Toddlers assert their will and independence by refusing anything but biscuits; parents fume and fret as their lovingly prepared delicacies are consigned to the bin once more.
The teenage girl's refusal to eat "proper" meals causes rows that are more an expression of parental worry about what she is doing away from the home and table than about a wasted pork chop.
But beneath all the emotional baggage that food acquires, children's diets are giving cause for concern.
The old pattern of proper meals each day has gone. Snacking and shift-eating make it harder to ensure a balanced diet is being eaten. On average, children get one-third of their energy intake from biscuits, lollies, crisps and cakes, and their consumption of fats is well above targets set by nutritionists.
Children are bombarded with advertisements for fizzy drinks, lollies and potato chip; shops make fatty and sweet snacks easily available; girls as young as seven claim to be on a diet as anorexia and bulimia are on the rise.
The cumulative effect of the dominance of ads for sweets, fast foods and sweet cereals is to make them desirable. It's not just about promoting individual brands, the long-term effect is to create a climate in which those types of foods are attractive choices.
Children may appear to be highly media-literate, but studies show that many under eight cannot differentiate between programs and advertisements, and many older than that do not really understand the purpose of a commercial. They do, however, want the foods they see advertised.
Photo Credit: mentalhealthy
The more television children watched, the higher the number of advertised products they asked for, and the higher the sugar consumption in their diet!
It would be preferable for fatty and sugary foods not to be advertised on children's TV at all: But that would be extremely difficult to achieve. We should try instead to get a better balance of advertising messages about a range of foods.
Indeed, research shows that children respond positively to TV promotions for healthy or unfamiliar food, especially if other children are shown enjoying it. They will name and pick fruit as a favourite snack if this has been sanctioned by messages on TV.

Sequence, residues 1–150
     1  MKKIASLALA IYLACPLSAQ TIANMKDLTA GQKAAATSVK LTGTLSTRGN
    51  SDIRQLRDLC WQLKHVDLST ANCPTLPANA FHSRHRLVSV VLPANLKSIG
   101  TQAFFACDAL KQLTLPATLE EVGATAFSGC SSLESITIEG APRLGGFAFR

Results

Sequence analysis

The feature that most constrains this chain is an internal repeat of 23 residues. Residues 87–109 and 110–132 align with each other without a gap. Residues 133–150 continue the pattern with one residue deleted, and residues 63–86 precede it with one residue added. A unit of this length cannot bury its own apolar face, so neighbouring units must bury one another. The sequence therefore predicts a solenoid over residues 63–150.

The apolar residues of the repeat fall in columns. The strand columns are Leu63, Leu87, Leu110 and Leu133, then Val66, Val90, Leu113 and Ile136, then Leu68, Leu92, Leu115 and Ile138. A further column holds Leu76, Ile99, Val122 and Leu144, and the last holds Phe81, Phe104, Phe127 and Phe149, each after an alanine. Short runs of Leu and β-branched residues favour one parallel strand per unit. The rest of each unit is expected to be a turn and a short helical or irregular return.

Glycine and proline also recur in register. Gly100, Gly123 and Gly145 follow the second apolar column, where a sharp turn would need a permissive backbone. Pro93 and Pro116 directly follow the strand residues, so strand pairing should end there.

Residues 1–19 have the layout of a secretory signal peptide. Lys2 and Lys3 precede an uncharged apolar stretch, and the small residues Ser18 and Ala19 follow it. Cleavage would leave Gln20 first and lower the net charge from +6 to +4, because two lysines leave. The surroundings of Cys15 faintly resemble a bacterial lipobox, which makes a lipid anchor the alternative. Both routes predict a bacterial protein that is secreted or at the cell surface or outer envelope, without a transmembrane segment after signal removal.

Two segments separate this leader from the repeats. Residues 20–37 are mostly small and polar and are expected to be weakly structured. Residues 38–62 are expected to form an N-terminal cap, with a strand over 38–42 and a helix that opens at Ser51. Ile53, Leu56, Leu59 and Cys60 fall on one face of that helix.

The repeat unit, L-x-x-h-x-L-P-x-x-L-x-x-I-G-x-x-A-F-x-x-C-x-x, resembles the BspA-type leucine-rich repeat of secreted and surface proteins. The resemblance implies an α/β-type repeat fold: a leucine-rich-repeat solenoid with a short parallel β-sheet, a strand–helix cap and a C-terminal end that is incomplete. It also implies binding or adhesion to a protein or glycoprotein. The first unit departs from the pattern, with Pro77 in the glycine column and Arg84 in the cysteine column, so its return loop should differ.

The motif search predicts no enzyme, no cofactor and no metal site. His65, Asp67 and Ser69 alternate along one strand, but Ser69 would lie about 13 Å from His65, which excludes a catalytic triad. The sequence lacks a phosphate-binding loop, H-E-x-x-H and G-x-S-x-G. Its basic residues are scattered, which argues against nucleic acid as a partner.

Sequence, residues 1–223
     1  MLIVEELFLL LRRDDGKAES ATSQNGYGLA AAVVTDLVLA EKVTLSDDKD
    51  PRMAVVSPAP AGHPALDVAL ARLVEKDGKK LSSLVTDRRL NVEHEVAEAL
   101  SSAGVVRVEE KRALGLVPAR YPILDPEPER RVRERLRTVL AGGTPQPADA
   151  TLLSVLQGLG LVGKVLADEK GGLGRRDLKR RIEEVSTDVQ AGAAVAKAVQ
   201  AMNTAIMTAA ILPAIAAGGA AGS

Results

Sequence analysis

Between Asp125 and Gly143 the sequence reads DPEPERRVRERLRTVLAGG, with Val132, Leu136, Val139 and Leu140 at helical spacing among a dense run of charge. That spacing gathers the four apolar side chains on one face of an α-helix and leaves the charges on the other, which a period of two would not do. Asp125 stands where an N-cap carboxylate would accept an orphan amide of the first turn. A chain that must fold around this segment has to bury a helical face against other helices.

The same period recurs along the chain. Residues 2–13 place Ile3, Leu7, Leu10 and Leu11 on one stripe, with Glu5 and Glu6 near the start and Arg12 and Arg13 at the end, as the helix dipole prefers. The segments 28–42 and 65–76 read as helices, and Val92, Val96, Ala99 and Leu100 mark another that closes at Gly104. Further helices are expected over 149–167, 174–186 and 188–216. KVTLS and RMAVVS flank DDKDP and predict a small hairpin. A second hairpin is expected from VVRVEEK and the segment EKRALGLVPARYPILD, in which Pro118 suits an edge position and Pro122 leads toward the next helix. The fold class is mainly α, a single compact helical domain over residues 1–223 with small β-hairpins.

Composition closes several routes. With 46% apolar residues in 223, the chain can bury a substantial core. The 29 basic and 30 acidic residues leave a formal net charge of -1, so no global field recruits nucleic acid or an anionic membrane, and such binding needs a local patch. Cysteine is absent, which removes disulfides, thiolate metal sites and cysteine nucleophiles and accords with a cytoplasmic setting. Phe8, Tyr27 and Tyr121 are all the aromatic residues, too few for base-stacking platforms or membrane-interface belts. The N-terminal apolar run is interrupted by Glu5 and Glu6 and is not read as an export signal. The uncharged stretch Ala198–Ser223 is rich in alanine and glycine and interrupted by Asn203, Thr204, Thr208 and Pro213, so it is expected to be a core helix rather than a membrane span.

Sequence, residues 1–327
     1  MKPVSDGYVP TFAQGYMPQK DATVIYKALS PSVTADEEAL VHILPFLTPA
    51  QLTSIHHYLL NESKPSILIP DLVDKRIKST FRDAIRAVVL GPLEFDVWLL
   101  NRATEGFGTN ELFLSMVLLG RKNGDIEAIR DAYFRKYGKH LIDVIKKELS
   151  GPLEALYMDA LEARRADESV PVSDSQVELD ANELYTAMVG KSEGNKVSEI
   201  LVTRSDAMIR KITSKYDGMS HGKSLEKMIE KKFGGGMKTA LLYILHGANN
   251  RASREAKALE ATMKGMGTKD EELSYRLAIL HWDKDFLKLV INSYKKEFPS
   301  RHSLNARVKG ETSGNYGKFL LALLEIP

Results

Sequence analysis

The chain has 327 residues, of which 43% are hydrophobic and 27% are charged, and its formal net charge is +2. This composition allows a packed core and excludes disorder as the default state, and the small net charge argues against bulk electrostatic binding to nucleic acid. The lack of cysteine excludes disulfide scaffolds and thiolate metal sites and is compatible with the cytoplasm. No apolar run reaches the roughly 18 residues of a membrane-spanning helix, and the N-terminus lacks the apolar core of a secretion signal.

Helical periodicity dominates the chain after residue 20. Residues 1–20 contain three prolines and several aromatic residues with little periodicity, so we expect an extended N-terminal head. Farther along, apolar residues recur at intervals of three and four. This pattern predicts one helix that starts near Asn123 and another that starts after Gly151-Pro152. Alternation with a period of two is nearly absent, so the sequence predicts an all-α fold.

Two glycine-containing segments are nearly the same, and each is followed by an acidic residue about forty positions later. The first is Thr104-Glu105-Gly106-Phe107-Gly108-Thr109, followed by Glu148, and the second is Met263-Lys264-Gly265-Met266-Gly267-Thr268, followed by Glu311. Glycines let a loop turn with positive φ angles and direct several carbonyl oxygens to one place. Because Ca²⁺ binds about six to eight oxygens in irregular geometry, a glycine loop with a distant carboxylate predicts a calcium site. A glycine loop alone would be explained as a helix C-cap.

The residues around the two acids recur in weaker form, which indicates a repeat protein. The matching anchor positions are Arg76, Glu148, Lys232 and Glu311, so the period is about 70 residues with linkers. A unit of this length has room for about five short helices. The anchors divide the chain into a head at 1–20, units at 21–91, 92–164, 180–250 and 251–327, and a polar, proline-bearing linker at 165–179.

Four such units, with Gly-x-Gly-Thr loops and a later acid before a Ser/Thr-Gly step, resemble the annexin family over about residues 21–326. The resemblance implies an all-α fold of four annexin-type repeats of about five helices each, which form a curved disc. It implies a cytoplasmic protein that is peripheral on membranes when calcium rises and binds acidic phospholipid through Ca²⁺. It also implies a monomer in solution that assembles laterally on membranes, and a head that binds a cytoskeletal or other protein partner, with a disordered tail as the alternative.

What can parents do? For a start, do not get mad or frantic, the issue will become distorted.
Even the strangest diets, nothing but bread and butter and milk, for example, can be turned quite easily into nutritionally balanced intakes.
The most important thing is to achieve a balanced diet for children that favors beneficial foods and limits exposure to those high in unsaturated fats and sugar.
But it is pointless to say that kids shouldn't have those things. They need to be seen as part of a normal diet. Food is more than nutrition; sharing and interacting with friends is very important, a child will feel miserable and excluded if everyone else has crisps and chocolate biscuits.
Parents can encourage children to make healthy choices by providing guidance and the variety to make those choices.
Children sometimes know quite a lot about what is good and bad, but their exposure to good food is often limited. If parents provided more variety, particularly for healthy snacks, kids could make alternative choices.
Children tend to like what they know and we recommends introducing new foods slowly, and not getting upset if they are refused.
The view that lollies should be offered as treats and rewards is starting to be seen as old-fashioned. Associating sweets with pleasurable experiences makes other foods seem dull. If kids are involved in the preparation of food, they are more likely to try it.